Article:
The spiraling price of the EpiPen injector — a staple of backpacks and school nurses’ offices everywhere — is only the latest version of a destructive story: A drug company scoops up the rights to a medicine that’s been around for years, concocts an aggressive new business plan, and inflates the price by an obscene amount. Remember Martin Shkreli, who increased by 5,000 percent the cost of a 62-year-old pill to treat parasitic infections?
The recent $100 price hike for the EpiPen, a device that conveniently delivers the drug epinephrine to counteract severe allergic reactions, isn’t quite as steep. But the basic strategy is just as shameless.
The patent holder Mylan, which acquired the rights to EpiPen from Merck KGaA in 2007, isn’t using its new revenues to invent new ways of saving lives. The device isn’t getting any harder to manufacture. The epinephrine inside it only costs about $1. The company is just padding its margins by gaming the insurance system and exploiting other inefficiencies in US health care — at the expense of patients and everyone else who pays health care premiums.
Developing a new drug or device requires exhausting research and hundreds of millions of dollars, with slim odds of success in the end. It’s simpler to purchase an existing product, generate more volume through slick marketing, and then squeeze more money out of customers. In real dollars, the EpiPen’s price has risen by about 450 percent since 2004, to $600 or more for a pack of two.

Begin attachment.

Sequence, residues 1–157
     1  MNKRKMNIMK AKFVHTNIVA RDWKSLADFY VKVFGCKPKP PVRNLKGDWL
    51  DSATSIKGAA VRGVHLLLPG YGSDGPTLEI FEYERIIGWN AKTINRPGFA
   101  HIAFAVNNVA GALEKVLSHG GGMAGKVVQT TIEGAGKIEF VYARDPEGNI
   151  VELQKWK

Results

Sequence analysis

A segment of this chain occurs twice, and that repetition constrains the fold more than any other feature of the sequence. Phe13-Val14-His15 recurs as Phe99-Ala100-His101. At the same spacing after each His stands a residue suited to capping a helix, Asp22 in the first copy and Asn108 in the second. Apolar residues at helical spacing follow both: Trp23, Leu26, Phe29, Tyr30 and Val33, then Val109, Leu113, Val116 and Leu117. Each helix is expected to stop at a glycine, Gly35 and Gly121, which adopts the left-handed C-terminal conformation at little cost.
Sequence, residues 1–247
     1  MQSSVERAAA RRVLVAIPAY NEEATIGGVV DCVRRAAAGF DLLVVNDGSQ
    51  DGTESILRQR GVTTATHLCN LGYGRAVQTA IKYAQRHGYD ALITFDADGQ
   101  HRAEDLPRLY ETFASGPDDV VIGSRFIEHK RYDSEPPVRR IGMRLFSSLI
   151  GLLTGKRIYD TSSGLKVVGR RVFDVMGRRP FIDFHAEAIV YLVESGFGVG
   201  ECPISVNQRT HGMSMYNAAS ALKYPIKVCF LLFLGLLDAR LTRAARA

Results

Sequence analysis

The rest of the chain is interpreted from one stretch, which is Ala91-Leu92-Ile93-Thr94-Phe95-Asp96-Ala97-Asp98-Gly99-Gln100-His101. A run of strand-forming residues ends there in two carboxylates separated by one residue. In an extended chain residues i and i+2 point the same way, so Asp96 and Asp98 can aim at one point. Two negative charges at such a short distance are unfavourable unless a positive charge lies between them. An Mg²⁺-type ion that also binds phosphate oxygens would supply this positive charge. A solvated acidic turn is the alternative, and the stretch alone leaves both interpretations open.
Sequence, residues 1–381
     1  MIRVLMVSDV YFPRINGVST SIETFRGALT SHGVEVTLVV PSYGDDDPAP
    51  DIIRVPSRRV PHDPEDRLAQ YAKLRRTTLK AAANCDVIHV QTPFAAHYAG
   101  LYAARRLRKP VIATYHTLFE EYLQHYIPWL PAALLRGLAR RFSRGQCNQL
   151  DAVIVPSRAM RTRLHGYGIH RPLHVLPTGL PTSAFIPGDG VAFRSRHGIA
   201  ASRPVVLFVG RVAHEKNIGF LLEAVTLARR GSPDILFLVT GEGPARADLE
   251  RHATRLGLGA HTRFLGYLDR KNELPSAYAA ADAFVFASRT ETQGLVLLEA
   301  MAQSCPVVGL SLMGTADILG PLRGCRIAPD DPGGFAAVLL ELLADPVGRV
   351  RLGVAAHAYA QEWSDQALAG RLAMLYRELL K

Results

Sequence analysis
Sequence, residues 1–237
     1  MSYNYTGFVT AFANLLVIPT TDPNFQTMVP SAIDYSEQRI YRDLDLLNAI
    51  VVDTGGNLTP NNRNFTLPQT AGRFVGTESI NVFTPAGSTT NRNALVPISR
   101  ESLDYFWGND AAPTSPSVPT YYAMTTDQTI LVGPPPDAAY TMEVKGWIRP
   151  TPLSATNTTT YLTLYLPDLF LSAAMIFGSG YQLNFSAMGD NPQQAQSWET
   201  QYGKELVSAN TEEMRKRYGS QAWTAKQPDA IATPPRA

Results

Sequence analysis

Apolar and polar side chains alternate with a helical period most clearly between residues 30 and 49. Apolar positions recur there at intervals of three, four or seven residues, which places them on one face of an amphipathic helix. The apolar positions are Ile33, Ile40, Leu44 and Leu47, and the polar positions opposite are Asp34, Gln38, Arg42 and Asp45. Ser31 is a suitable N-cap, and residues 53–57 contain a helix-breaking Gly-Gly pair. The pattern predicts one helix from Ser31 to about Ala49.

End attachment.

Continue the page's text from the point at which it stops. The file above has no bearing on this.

For those allergic to bee stings or certain foods, the EpiPen can be a lifesaver. That makes it an easy sell. It lands on many back-to-school shopping lists, and it’s pitched as “the brand more school nurses have been trained on and taught to administer.” Mylan sold 3.6 million EpiPens in 2015, reaping more than $1 billion, and it will likely unload at least that many this year — the injectors are supposed to be replaced every 12 months.
Mylan lucked out last fall when global drug giant Sanofi had to recall its competing device, and again when the Food and Drug Administration rejected a generic version of the EpiPen. In general, the FDA’s progress in reviewing generic drugs has been slow — a boon to patent holders like Mylan, because long regulatory delays discourage companies from trying to bring new generics to market. The lack of competition has allowed Mylan to raise the EpiPen’s price repeatedly, with no repercussions.
The company also has used the impenetrable health insurance system to disguise the EpiPen’s actual cost. In a statement in response to mounting criticism, Mylan said this week that “nearly 80 percent of commercially insured patients” who used a company-supplied copay coupon last year received an EpiPen “for $0.” But it’s a deceptive deal, as insurers still pass on the costs through more expensive premiums for all.
If nothing else, Mylan’s scheme becomes harder to conceal as more Americans shift to plans with big deductibles and copays. In the long term, the Affordable Care Act should reduce the perverse incentives within the insurance system — if Congress builds on the law’s reforms, rather than whittling them down. Lawmakers can also help the situation by giving the FDA the direction and the funding necessary to speed up the introduction of generic drugs of all sorts.
In the short term, Mylan needs to hear from angry consumers and from the pols who represent them. As it happens, Mylan’s chief executive, Heather Bresch, is the daughter of Senator Joe Manchin of West Virginia, but that shouldn’t get the company off the hook. Senator Amy Klobuchar, a Minnesota Democrat, wants a Federal Trade Commission investigation into the EpiPen episode. Senator Chuck Grassley of Iowa is demanding that the company explain its actions. In the court of public opinion, “we did it because we could” just doesn’t cut it.